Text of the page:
EIU Admissions Counselor to Recruit Families, Not Just Students
As Eastern Illinois University’s newest admissions counselor, Aseret Gonzalez plans to go out and recruit families – not just students.
“The Hispanic population is very family-oriented,” Gonzalez said. “For them, it is not common practice to head off to college after graduating from high school. Rather, it is the Hispanic tradition to stay closer to home and help out the family.”
Although she will be interacting with students of all races, Gonzalez will share a certain bond with those of Hispanic heritage.
“I’m 100 percent Mexican. Both of my parents were born in Mexico,” she said. And, like those students she’s now recruiting, she faced some of the same family issues when it came to pursuing a career.
Gonzalez credits her mother – “an incredibly strong, loving and giving individual” – for providing the needed support that allowed Gonzalez to pursue her own higher education opportunities.
“Some young people don’t get that support. Their families still hold on to the old traditions, although some,” she added, “are starting to shift.”
A first-generation college student from Spring Valley, Ill., Gonzalez began attending Illinois Valley Community College in Oglesby, Ill., before transferring to Eastern and earning her bachelor’s degree in sociology. She will graduate in May 2014 with her master’s degree in college student affairs.
“As I work with transfer students, I want to help them with that same transition,” she said. “And that means meeting and working with their families, as well.”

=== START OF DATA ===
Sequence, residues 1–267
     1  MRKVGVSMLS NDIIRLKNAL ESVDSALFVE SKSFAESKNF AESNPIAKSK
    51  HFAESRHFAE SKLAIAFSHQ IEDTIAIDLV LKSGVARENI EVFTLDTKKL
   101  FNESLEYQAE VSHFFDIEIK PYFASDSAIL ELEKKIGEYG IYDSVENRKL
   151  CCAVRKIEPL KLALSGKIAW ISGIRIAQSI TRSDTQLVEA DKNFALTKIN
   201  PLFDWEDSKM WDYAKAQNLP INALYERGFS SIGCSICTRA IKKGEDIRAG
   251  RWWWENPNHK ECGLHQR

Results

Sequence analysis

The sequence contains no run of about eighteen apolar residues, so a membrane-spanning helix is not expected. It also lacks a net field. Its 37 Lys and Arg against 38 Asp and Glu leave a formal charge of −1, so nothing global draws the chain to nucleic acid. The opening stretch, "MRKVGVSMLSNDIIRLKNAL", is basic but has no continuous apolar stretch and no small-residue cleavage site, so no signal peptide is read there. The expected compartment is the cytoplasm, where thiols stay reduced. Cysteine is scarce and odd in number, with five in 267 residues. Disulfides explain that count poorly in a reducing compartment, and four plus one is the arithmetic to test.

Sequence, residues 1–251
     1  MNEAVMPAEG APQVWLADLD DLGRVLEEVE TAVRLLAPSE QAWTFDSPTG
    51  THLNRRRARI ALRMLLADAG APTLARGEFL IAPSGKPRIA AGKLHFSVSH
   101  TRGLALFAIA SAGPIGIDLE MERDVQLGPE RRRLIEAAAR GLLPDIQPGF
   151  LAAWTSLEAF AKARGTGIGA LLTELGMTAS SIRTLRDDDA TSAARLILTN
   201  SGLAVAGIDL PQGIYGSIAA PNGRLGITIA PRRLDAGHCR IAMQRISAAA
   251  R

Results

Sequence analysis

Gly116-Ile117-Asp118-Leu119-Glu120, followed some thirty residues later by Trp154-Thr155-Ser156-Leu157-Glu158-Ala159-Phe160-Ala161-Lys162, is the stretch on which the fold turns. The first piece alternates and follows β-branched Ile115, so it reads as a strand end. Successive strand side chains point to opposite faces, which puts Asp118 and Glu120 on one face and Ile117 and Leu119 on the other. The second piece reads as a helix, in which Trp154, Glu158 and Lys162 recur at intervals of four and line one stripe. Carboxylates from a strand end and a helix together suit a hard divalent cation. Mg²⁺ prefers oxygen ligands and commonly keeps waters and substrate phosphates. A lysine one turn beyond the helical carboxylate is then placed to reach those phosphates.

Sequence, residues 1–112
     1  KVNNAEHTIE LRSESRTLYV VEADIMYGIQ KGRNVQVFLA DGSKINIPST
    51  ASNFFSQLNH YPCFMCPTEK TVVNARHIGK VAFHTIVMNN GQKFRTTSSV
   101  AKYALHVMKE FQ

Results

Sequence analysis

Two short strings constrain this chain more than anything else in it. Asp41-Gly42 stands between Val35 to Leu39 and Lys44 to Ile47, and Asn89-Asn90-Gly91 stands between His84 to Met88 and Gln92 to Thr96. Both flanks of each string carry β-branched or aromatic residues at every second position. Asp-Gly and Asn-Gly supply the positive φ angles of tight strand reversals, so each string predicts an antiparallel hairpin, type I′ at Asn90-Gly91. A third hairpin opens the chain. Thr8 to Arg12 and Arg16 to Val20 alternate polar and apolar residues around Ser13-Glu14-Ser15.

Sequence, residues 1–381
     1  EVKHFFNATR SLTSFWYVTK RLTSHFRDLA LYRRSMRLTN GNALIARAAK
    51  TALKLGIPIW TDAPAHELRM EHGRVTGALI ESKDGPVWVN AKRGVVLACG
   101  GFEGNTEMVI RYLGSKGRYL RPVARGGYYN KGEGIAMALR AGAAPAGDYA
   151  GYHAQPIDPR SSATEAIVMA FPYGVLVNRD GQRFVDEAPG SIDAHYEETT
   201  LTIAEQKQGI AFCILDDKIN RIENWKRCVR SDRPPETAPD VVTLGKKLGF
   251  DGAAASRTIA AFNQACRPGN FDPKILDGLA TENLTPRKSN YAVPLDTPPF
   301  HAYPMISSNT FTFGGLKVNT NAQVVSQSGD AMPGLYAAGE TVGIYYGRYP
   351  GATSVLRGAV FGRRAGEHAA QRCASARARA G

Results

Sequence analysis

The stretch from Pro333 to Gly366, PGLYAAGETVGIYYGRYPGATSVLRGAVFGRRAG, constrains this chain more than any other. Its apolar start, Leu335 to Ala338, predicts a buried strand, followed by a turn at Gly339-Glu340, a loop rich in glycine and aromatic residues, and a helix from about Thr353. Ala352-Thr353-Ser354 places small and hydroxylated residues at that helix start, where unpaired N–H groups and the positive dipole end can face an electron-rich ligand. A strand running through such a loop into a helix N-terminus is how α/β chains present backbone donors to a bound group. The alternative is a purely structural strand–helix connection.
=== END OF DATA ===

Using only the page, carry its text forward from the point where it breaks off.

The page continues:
It will mean more than just being bilingual, too.
As she meets with prospective students and their fathers, mothers and siblings -- and sometimes even grandparents -- Gonzalez hopes to stress the importance for opportunities of higher education. She also hopes to demonstrate how a college education can expand on the Hispanic tradition of “helping the family.”
“By emphasizing the outcomes – the opportunities for their families – they will get a better feel for how this decision will impact the family as a whole,” Gonzalez said. “And I can help them understand college culture.
"I can also try and answer their questions and concerns,” she continued. “For example, they’ll want to know if their student is going to be safe, and for that, I can stress the emphasis Eastern’s places on campus safety.”
Gonzalez said that she plans to encourage families to visit Eastern’s campus to see for themselves the type of accommodations that are available for their student and to meet other Latino families. They can also share specific concerns with university administrators, letting them know ways in which the university can further enhance their experience on the Charleston campus.
“What else do you want from us?” Gonzalez said. “That’s what we’ll ask them. We need for these Hispanic families to help us learn what it takes to gain their confidence and willingness to send their students to Eastern Illinois University.”